(Bloomberg) -- U.S. stocks fell for the first time in five sessions as investors started the week in a cautious mood with equity prices near all-time highs.
The S&P 500 was led lower by the real estate and communication services sectors, while energy companies were the biggest gainers in the benchmark index. Eli Lilly & Co. lifted heath-care shares. The dollar strengthened against all its major peers, with demand supported by elevated Treasury yields.
Weighing on the minds of investors are worries that equities are running too hot and valuations are stretched at a time when major parts of the world are grappling with the worst of the pandemic.
“Keep in mind though, after big runs like we saw last week, it’s natural for the market to take a breather,” said Chris Larkin, managing director of trading and investing product at E*Trade Financial. “Traders looking for new opportunities may be wise to look beyond behemoth tech stocks.”
Benchmark Treasury yields topped 1% last week on bets that Democratic lawmakers will enact big spending packages to drive the economic recovery out the pandemic. The move reset expectations for a range of asset classes and sparked debate over whether higher yields might jeopardize the current environment of easy financial conditions.
Ten-year U.S. yields climbed to 1.13% on Monday, the highest level since March.
“Ultimately it goes back to the 10- year,” wrote KC Rajkumar and Jahanara Nissar of Lynx Equity Strategies. A higher yield “points to higher inflation down the road -- which is negative for stocks. We are not there yet, but as the 10-year inches higher -- the closer we get.”
Twitter Inc. fell after the social media platform permanently banned President Donald Trump after a mob invaded the Capitol building last week. Mirabaud Securities analyst Neil Campling said the ban shows the company is making editorial decisions, and opens the door to more regulation of social media under the next administration.
Shares of Facebook Inc., which also suspended Trump’s account, also declined. Meanwhile, House Democrats Monday introduced a resolution to impeach Trump for a second time, setting up a vote this week unless Vice President Mike Pence uses his constitutional authority to remove the president.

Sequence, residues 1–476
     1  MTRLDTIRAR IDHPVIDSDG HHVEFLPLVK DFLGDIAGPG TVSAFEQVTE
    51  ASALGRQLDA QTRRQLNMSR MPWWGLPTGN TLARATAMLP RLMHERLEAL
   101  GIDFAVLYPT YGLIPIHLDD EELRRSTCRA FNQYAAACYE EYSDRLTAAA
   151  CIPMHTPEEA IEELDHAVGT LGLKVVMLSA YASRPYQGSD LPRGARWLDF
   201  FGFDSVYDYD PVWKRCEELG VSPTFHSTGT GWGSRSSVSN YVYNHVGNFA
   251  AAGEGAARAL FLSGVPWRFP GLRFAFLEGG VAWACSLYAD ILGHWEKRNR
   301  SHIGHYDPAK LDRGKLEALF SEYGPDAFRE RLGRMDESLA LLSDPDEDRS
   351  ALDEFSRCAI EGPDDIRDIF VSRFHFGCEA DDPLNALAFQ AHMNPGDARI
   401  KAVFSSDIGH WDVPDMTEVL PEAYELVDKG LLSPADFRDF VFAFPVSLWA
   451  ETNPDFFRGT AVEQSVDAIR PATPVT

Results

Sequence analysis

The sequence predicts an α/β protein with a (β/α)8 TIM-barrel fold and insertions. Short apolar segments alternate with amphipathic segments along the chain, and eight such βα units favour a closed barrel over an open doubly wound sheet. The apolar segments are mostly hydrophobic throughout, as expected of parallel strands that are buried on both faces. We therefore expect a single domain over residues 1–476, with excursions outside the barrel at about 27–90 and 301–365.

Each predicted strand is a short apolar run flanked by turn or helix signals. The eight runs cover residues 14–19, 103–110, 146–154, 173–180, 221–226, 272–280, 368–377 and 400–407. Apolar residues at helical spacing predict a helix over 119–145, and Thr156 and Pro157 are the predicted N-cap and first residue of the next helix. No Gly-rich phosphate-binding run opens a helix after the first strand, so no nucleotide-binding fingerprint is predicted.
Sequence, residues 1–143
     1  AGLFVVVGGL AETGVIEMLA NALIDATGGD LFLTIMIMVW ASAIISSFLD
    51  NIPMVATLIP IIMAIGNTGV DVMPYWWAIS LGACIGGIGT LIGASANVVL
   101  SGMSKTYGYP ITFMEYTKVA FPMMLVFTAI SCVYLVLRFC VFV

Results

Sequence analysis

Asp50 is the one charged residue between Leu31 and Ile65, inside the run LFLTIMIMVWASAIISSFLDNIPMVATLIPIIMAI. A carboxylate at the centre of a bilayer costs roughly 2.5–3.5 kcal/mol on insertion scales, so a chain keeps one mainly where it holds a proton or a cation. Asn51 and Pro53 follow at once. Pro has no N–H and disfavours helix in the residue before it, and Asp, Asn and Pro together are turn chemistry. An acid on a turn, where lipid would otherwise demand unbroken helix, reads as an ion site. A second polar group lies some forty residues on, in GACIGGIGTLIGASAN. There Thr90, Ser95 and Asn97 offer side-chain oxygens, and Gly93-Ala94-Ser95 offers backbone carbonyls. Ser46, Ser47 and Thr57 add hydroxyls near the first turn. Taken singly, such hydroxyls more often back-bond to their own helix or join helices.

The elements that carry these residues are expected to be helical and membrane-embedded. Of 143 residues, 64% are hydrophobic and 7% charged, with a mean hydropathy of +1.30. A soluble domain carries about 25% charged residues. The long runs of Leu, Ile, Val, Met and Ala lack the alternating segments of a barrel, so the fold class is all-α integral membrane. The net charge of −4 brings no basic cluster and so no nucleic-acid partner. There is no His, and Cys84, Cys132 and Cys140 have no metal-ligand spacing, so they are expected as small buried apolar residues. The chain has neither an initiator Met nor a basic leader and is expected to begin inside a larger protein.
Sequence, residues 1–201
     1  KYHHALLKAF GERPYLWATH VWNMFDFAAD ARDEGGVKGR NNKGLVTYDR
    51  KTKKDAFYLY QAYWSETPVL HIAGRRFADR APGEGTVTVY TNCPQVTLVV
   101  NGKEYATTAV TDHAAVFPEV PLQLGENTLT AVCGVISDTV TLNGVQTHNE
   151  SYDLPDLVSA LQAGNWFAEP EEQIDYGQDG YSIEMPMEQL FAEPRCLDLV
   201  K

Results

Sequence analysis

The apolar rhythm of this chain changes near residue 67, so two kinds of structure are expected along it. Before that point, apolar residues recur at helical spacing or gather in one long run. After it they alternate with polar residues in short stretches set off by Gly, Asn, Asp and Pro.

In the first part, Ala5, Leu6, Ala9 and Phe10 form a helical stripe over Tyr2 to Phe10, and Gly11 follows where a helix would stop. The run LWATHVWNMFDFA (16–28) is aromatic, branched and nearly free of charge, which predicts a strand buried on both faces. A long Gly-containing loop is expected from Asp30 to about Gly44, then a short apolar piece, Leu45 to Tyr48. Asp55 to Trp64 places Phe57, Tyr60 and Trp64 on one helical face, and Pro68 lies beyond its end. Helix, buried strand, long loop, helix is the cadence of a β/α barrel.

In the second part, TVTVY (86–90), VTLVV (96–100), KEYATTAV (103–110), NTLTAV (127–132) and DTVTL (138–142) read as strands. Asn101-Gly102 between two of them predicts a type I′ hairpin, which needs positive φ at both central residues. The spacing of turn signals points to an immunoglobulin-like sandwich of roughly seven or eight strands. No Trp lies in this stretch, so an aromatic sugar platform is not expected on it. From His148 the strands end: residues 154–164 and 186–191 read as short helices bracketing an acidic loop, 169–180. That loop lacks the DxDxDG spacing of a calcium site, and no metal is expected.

Bitcoin tumbled, with prices sliding as much as 20% on Monday. Some investors have said the digital currency’s recent gains defy logic and the U.K.’s financial watchdog issued a statement that consumers in crypto should be prepared to lose all their money. The token traded down 13% at $33,160.
Elsewhere in markets, the MSCI Asia Pacific Index slipped. Commodities were broadly lower on the back of the stronger dollar, with West Texas Intermediate oil trading near $52 a barrel.
Here are some key events coming up:
- JPMorgan Chase & Co., Citigroup Inc. and Wells Fargo & Co., as well as firms ranging from Taiwan Semiconductor Manufacturing Co. to Infosys Ltd., are among those due to report earnings.
- EIA crude oil inventory report is due Wednesday.
- European Central Bank’s Christine Lagarde speaks at an online conference Wednesday.
- U.S. consumer-price inflation figures are due Wednesday.
- Biden plans to lay out proposals for fiscal support on Thursday.
- Fed Chair Jerome Powell takes part in a webinar on Thursday.
- U.S. initial jobless claims data are due Thursday.
- U.S. retail sales, industrial production, business inventories and consumer sentiment figures are due Friday.
These are some of the main moves in markets:
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